The openSUSE Project has released openSUSE 12.1, eight months after 11.4 and the first release since SUSE officially became a subsidiary of Attachmate. With 12.1, openSUSE brings major improvements to openSUSE tools and users' favorite components like GNOME, KDE, LibreOffice, and DigiKam.
The release is a pretty major update, so much so that they even skipped the 12.0 and went straight to 12.1! OK, not really – here's what really happened.
So what's the deal with the version number? openSUSE community manager Jos Poortvliet says that the project had (yet another) discussion about the naming/version number scheme for the next release. At this time, one of the proposals on the table was to skip the .0 release numbering because it produces an expectation of a major update.
Poortvliet says that the new numbering scheme may not have been what he'd have chosen, but it was the winner when the openSUSE community was polled.
Silly as it seems (and is), that's the reason that 12.0 was skipped. But version numbering aside, here's what's really interesting in 12.1.
Desktops and User Software
For a lot of users, openSUSE is the desktop of choice. openSUSE 12.1, as usual, has a full complement of desktop options to suit just about any taste. In fact, it has even more than one might expect.
The default desktop is KDE 4.7, with Plasma Active available as well – though not part of the default release.
After four releases, KDE 3 also returns to openSUSE. It's not part of the default DVD, but the community has been providing support for KDE 3 via the openSUSE Build Service. So folks who really prefer the old-school KDE can get their fix with openSUSE 12.1.
GNOME users have the latest from the GNOME Project, GNOME 3.2. This is the first official 3.x GNOME in openSUSE, though 11.4 did have a technical preview of GNOME 3.0.
Those are the big two, but of course openSUSE will also have the most recent releases of LXDE and Xfce.
openSUSE has the usual bevy of desktop and productivity software. This includes LibreOffice 3.4.3, Scribus 1.4, Chromium, Firefox, Opera 11.52, and much more. Note that Firefox shipped with openSUSE 12.1 is Firefox 7 rather than the most current release due to Firefox's aggressive release schedule.
For a full list of all the open source goodness with openSUSE 12.1, see the product highlights. There's far too much to list here.
ownCloud and Cloud Technologies
If you're releasing software in 2011, by law you have to have something that satisfies the "cloud" buzzword. OK, maybe it's not really a law, but it seems that way — right? And yes, openSUSE more than satisfies the federal minimum requirements for cloud technologies.
On the desktop side and server-side, you have ownCloud and Mirall. So what's all that, then?
Basically, ownCloud is a set of web services that provide file sharing/management, music streaming, calendar access, contacts, remote storage, and more. It can be used as a PIM sync by KDE's Akonadi system, or just mirror folders off your desktop.
It's still in heavy development, so it's not quite as seamless as something like Dropbox. The advantage, of course, is that it's fully open source and you can control your data. It's actually not shipped as part of the default openSUSE 12.1 software, though. Because it's still undergoing a lot of work, the openSUSE folks are pointing people at the Open Build Service to get the latest and greatest releases.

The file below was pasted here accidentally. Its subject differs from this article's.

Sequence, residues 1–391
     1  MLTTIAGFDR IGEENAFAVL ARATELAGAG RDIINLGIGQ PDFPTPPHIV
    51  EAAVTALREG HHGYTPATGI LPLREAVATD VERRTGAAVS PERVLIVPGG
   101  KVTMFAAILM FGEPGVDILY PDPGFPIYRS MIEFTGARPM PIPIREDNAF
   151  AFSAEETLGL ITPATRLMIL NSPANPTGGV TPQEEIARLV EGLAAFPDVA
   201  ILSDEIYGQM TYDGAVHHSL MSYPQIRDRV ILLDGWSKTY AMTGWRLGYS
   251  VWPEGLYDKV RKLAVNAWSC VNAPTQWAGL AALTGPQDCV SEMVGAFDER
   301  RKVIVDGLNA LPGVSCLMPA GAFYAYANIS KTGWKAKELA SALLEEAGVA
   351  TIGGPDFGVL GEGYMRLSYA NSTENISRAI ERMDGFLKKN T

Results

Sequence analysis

Want to use openSUSE to build an Infrastructure-as-a-Service cloud? The project has several cloud projects in the build service, including OpenStack and Eucalyptus.
openSUSE Specific and Under the Hood
It's also worth noting some of the technologies specific to openSUSE with 12.1. If you choose the Btrfs filesystem, which isn't the default, you can try out Snapper. What's that? It's a set of tools, including a GUI, for taking advantage of Btrfs snapshots.
Using Snapper, you can see older versions of files, roll back changes, and much more.
SUSE users mourned the departure of Sax2 when X.org dropped the static xorg.conf file. The good news is that openSUSE now has a new tool for managing X, Sax3. It's a project stemming from Google Summer of Code (GSoC) by Manu Gupta.
I might add, it's fairly impressive that such a nifty tool came from the openSUSE community.
openSUSE is also getting smarter about managing kernel upgrades. With 12.1, Poortvliet told me that Zypper now has an option (which isn't yet the default) to keep an older kernel until the system has successfully booted into an upgraded kernel. This solves the problem of systems being rendered unbootable because of a new kernel that has a hardware conflict of some sort.
Right now, it's not the default, but users can enable this so that they can delete the old kernel after a successful boot — or keep up to two old kernels indefinitely.
Speaking of kernels, openSUSE 12.1 comes with Linux 3.1. It also features a new init system pioneered by Fedora, systemd.
Finally, if eight months is too long to wait for the next release, you might consider openSUSE Tumbleweed. This project provides a "rolling release" so you get software right away, as soon as it's stable and relatively well-tested. So, for instance, KDE's next release will likely come out well before the next openSUSE release. If you don't want to wait for that, you can run Tumbleweed and get the next KDE once it's stabilized.
openSUSE has long had a "Factory" release that is a work in progress of packages that will eventually go into openSUSE. But Tumbleweed is stable versions of packages that are not only the stable upstream versions, but also believed to work well with the rest of the system. (Which is not always true in Factory.) Tumbleweed has been around for a while, but it's considered complete with the 12.1 release.
All in all, this looks like one of the most exciting openSUSE releases in some time. If you're interested in trying it out, head to the download page and grab the DVD or live CDs for GNOME or KDE.